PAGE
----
More than two years after the first parts of the European Union's electrical waste legislation entered into force, the potential for enforcement actions has become an issue of increasing concern for producers who sell electrical and electronic products on the European market. With regard to the EU Directives on waste electrical and electronic equipment (WEEE) and the restriction on hazardous substances (RoHS), details are regulated by national law, and enforcement does vary between the EU Member States. Nonetheless, recent developments in the key marketplace, Germany, merit special recognition.
What's New in German Enforcement?
As long predicted, WEEE enforcement does not focus solely on public authorities and customer relationships. First court rulings show that enforcement between competitors is an additional threat in the event of non-compliance. To this end, the Appellate Court of Düssel­dorf recently held that producers can be sued by their competitors under the German law of unfair competition if they fail to fulfill the WEEE registration requirements. The same is likely to apply for violations of the WEEE marking and take-back obligations. Potential sanctions are severe: competitors could seek an injunction to prevent non-compliant producers from placing further products on the market, or even sue for damages. These sanctions are a possibility regardless of whether public authorities decide to pursue enforcement actions or impose fines.
It is important to note that this holding does not pertain to RoHS. The federal government has supported the view that violations of the RoHS requirements cannot be prosecuted under the German law of unfair competition. There are, however, no binding court decisions in this regard as yet.
Is This a Development Throughout the European Union?
In the absence of detailed EU provisions on unfair competition, enforcement using unfair competition law will depend on the applicable national law. Some Member States follow a rather general approach in their law of unfair competition. Therefore, noncompliance with WEEE and RoHS provisions could generally result in claims of unfair competition, provided that any other requirements of the local unfair competition law are fulfilled. However, some countries, such as the United Kingdom, allow for such actions by competitors only under very exceptional circumstances, and enforcement of environmental legislation is pursued largely through public authorities.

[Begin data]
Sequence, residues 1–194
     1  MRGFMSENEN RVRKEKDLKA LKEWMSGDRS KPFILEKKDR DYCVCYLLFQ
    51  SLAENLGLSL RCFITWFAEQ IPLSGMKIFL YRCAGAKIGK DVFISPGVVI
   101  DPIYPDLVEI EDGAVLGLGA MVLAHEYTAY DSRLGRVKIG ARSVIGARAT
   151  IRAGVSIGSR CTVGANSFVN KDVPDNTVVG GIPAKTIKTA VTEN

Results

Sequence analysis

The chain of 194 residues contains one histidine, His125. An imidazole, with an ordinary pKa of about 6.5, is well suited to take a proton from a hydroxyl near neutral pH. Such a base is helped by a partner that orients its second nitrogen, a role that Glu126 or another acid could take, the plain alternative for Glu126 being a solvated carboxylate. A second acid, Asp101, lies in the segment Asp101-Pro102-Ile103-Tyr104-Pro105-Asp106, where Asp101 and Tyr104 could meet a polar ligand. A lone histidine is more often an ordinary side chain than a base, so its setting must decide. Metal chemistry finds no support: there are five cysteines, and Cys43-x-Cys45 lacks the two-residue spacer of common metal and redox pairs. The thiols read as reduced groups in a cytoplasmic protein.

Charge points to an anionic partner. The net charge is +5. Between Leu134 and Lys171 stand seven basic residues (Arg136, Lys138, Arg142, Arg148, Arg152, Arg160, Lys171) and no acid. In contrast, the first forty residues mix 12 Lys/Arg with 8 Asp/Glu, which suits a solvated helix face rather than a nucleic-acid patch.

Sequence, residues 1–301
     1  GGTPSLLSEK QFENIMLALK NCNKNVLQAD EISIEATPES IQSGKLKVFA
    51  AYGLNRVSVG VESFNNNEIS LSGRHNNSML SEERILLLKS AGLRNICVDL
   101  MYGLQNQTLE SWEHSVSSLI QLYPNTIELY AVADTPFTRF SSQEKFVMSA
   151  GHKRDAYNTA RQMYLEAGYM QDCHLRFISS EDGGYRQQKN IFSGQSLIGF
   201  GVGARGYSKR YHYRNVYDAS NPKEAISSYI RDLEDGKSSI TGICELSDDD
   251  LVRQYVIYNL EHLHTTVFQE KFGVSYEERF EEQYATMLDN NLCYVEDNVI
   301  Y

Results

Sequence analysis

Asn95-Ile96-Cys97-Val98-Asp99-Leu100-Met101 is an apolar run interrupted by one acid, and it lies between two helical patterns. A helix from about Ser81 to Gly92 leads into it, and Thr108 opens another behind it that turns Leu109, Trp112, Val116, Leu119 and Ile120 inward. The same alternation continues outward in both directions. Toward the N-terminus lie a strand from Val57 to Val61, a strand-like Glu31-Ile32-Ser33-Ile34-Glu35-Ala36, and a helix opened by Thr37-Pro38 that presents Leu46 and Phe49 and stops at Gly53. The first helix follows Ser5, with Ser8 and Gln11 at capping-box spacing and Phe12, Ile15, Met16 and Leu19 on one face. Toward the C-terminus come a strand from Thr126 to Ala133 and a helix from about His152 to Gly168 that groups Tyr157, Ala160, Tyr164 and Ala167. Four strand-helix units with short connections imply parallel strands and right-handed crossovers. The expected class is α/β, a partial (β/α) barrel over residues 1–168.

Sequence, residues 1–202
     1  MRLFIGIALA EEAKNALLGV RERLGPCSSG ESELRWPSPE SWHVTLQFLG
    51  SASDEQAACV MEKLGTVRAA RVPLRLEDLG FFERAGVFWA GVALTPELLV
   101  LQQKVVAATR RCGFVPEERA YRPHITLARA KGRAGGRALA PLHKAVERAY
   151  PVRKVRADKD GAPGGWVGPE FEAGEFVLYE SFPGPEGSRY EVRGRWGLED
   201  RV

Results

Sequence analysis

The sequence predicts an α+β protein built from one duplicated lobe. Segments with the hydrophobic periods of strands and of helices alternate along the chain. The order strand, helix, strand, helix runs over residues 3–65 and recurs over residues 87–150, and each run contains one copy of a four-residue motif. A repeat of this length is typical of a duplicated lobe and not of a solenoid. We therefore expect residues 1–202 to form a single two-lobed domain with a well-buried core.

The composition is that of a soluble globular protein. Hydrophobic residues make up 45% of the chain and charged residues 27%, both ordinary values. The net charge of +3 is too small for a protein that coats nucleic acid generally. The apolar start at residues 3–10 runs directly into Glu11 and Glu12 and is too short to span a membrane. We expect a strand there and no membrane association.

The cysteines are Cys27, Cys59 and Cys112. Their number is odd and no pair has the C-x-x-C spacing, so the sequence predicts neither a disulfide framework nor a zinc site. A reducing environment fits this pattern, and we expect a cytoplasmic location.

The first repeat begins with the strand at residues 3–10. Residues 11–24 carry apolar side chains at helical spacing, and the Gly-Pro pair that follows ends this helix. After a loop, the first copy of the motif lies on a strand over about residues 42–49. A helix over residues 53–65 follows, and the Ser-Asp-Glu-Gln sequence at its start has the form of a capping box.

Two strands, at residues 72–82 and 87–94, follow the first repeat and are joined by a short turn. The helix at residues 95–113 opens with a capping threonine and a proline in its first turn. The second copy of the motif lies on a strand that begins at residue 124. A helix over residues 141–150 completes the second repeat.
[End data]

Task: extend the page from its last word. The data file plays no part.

What Can My Company Do?
A defense strategy against potential claims includes several key elements, both under the WEEE and RoHS regulations and the national laws of unfair competition:
Review product analysis and applicability of WEEE and RoHS requirements. Whether or not these laws apply to individual equipment is still subject to uncertainties. In the ambit of potential unfair competition claims, particular attention needs to be given to what your competitors have done with regard to similar equipment: Which products have they marked with the "wheelie bin"? Who has registered with the public authorities? In cases where some producers have treated their products as subject to these programs while others have not, individual producers might seek to pursue their competitors.
Prepare necessary documentation. In the event of actions from their competitors, producers will quickly need to provide proof of their compliance activities. It is, therefore, indispensable to have ready a summary of corporate compliance activities, as well as documentation of the WEEE and RoHS status of individual products.
Finally, legal actions could be used as a means to gain a competitive advantage against competitors whom you believe are not complying with WEEE or RoHS requirements. In most Member States, however, such actions will only be successful if the plaintiff is fully compliant with the legislation. Therefore, it is indispensable to double-check one's own compliance status and efforts before taking action against competitors.